According to recent reports in the Greek media, Washington is not at all enamored by Greece's energy deal with Russia, after Prime Minister Costas Karamanlis and President Vladimir Putin signed an agreement for the South Stream natural gas pipeline earlier this week.
In fact, reports from Washington were almost polemic in tone, as if tiny, honest Greece were fighting for its energy independence on Russia's frozen steppes. This development has irked the American superpower no end, so much so that it decided to circulate a non-paper to journalistic circles rather than make an official statement, according to some media reports.
The truth, however, is that the US State Department lost very little sleep over the pipeline deal. Only a handful of Greek journalists asked an American official for a statement and he responded in the usual State Department fashion: that it is not good for any country to depend on any one company for its energy. The State Department circular simply said that it's good business practice for Greece to seek alternative energy suppliers before becoming even more dependent on a company that already supplies it with 80 percent of the natural gas consumed in the country. In Greece this was interpreted as polemical in nature. But even Greece's development minister, Christos Folias, agreed with the "non-statement." As indeed would anyone with an ounce of common sense. Except, perhaps, Greek journalists.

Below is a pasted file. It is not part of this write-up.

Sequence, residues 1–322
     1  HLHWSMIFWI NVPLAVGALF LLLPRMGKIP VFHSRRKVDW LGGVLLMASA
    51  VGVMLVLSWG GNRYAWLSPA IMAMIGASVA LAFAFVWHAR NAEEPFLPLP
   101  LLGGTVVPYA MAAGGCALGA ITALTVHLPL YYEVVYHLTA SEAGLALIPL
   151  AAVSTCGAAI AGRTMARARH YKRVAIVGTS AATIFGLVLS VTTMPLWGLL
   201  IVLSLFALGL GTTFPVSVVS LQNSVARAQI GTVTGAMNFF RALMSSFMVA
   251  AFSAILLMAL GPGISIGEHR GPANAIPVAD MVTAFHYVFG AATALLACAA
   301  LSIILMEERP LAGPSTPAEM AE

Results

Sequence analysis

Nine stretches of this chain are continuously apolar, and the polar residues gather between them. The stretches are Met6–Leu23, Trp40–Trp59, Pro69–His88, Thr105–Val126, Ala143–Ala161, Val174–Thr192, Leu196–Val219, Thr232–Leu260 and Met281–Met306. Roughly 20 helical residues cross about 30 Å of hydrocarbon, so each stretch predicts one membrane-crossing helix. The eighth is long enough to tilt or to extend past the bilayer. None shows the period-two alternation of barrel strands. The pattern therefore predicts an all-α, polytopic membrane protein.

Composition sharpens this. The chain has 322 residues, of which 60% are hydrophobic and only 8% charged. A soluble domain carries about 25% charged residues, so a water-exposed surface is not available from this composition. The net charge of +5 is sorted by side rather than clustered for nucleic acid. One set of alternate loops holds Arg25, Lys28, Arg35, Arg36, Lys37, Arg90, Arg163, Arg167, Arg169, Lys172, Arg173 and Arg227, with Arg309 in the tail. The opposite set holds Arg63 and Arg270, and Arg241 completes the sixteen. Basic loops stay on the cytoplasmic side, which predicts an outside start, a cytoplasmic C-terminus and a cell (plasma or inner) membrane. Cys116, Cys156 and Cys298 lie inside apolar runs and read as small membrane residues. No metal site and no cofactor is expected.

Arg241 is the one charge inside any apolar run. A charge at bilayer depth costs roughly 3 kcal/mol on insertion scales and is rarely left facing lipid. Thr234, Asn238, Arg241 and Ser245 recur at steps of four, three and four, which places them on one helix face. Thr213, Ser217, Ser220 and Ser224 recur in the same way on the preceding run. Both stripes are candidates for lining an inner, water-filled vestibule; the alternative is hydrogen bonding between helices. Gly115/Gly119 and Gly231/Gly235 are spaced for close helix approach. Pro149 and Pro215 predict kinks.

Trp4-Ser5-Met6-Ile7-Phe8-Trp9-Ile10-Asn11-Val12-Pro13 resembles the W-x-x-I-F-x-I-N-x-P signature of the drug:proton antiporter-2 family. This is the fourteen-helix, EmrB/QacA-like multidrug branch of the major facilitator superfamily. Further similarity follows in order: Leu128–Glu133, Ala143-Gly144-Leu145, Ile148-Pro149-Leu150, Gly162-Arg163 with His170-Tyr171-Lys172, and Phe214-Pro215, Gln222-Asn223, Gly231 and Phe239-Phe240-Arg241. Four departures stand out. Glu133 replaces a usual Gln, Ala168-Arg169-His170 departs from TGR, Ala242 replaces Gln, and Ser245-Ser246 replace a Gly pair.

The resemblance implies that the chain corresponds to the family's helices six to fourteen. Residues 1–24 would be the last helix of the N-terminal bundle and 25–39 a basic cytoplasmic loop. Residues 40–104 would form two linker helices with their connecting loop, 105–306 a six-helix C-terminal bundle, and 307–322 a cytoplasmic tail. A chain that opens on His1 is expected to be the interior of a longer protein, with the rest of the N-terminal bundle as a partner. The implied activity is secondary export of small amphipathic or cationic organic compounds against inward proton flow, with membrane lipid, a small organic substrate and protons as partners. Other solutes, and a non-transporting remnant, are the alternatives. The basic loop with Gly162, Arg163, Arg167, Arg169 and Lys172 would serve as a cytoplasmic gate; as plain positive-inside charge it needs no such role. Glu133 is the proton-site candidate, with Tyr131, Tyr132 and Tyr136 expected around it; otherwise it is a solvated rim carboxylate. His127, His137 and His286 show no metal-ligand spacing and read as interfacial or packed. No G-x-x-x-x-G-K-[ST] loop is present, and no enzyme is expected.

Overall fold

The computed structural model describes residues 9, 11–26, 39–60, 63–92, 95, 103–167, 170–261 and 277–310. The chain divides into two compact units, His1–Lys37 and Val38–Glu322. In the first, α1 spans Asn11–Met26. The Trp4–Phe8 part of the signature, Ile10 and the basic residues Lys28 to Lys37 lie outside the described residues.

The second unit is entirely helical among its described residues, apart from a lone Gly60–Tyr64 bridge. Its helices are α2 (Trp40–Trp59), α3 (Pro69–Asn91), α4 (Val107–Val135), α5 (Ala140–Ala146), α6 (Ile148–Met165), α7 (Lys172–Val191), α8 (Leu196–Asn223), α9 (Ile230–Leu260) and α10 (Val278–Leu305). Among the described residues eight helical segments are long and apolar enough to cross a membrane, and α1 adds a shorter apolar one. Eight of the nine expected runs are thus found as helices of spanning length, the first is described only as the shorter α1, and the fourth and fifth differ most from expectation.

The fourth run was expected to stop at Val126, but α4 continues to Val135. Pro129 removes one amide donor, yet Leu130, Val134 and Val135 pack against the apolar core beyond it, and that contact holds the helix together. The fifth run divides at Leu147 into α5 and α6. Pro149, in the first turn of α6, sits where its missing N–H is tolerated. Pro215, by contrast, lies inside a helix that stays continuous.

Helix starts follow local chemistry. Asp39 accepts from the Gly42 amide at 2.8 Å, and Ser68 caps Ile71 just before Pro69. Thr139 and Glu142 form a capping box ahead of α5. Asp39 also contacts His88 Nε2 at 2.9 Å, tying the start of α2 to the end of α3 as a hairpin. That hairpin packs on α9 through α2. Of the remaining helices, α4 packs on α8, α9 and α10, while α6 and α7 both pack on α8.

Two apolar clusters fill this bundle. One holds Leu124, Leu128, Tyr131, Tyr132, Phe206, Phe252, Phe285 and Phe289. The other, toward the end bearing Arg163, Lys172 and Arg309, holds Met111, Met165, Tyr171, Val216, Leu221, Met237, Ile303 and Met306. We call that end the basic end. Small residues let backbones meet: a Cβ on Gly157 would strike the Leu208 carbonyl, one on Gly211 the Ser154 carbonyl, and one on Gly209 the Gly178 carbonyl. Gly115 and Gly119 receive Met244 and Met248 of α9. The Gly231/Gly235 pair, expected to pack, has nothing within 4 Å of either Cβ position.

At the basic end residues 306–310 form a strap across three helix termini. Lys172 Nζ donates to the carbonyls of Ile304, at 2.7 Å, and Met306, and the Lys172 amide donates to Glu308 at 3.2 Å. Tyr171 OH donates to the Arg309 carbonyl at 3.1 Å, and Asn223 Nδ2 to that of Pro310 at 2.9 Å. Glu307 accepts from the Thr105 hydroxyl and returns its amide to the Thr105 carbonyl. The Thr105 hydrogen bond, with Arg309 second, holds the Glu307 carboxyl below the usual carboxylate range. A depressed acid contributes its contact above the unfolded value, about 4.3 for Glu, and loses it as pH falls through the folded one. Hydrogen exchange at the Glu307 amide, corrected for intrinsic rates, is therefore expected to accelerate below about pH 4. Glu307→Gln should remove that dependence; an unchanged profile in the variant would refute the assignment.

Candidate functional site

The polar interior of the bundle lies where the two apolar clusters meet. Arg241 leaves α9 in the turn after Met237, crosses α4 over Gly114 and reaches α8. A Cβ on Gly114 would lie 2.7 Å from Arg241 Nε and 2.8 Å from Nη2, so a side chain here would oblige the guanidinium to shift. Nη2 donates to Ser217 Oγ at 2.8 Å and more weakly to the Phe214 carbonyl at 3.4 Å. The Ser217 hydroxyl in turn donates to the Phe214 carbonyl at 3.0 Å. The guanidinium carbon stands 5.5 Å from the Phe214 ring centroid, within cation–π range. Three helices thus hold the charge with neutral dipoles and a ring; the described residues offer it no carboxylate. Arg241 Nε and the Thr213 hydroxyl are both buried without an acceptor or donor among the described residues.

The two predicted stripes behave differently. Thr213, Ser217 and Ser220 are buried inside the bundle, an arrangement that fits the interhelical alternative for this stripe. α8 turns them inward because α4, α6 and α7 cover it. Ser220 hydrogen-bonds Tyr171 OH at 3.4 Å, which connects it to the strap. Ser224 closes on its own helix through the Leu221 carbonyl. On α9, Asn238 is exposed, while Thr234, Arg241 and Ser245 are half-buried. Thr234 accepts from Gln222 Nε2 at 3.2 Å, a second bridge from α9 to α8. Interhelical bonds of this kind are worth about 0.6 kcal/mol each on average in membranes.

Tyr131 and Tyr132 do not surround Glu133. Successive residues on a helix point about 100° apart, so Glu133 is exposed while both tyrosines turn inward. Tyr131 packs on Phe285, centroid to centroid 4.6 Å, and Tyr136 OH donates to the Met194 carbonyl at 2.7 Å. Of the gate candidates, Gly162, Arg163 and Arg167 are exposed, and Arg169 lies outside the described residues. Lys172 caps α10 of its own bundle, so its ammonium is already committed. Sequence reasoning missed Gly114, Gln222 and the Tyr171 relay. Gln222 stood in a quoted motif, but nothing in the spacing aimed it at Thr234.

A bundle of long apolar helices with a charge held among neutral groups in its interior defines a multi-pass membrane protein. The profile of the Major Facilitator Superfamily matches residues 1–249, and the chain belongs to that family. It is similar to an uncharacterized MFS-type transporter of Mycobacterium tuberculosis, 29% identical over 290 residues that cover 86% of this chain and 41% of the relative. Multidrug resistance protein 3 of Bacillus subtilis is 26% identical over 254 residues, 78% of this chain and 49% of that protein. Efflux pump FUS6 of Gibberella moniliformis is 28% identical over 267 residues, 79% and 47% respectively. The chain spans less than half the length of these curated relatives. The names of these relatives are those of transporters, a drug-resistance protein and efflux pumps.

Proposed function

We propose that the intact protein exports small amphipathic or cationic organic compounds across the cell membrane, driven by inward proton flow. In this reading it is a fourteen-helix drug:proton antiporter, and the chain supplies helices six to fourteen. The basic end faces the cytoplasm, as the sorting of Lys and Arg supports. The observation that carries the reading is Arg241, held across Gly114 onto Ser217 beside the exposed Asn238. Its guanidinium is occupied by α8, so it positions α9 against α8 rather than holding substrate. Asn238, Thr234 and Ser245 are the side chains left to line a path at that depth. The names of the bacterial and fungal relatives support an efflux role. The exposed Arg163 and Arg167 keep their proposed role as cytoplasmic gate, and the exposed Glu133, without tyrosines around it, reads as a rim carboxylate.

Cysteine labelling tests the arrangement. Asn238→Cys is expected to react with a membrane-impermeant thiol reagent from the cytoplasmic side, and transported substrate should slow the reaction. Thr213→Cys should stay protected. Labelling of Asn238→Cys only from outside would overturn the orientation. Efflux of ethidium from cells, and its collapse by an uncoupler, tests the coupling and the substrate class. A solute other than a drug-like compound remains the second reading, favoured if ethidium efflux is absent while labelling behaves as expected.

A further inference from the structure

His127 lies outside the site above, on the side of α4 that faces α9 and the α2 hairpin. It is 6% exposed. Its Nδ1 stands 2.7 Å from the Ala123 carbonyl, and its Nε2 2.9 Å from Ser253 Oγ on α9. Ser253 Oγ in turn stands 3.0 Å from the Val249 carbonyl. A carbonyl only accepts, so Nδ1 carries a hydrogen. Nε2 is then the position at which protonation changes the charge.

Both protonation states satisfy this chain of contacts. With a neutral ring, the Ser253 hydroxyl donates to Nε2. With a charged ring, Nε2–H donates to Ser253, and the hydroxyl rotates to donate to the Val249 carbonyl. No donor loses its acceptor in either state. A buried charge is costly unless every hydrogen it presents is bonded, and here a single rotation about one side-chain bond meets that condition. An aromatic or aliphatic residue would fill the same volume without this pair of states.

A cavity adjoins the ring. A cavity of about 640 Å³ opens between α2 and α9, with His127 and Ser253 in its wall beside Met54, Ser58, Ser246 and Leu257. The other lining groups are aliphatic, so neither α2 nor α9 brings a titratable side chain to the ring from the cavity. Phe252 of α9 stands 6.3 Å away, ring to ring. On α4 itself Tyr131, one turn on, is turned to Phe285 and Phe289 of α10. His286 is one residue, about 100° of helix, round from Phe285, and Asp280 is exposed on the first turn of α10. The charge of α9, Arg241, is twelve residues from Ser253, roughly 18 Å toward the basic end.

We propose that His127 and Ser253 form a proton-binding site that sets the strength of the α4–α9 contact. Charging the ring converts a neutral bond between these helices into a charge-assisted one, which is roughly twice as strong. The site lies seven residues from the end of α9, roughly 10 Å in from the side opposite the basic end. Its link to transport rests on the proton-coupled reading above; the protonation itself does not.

Dramatizing a situation has become the only thing we can rely on from some Greek media. Sometimes this goes too far, however, even to the point of distorting reality in order to create and fulfill the need for excitement. Nothing is presented in its true dimension. A win for the national soccer team is hailed as a victory for the nation's spirit. A defeat is a "national disaster." When an athlete wins a medal, you'd thing that we'd won a war. If the athlete fails a doping test, you'd think the Nazis were marching in. A deal involving just one more pipeline running through Europe has, according to Greek media, reduced the major powers of the world to nervous wrecks. A disagreement at a diplomatic forum is interpreted in terms of unbearable pressure being brought to bear. Even cucumbers at street markets are a big deal. If someone were to watch the "news" on television, they would think that Greeks are either dying of starvation or dying for want of cucumbers they can never hope to have.
What happens though, is that this type of exaggeration either drives you mad or makes you numb. News bulletins have rendered us unable to tell what is important from what is not. George Bernard Shaw said, "Newspapers are unable, seemingly, to discriminate between a bicycle accident and the collapse of civilization." Imagine what he would have said if he'd seen a Greek news bulletin.
KATHIMERINI English Edition, 03/05/2008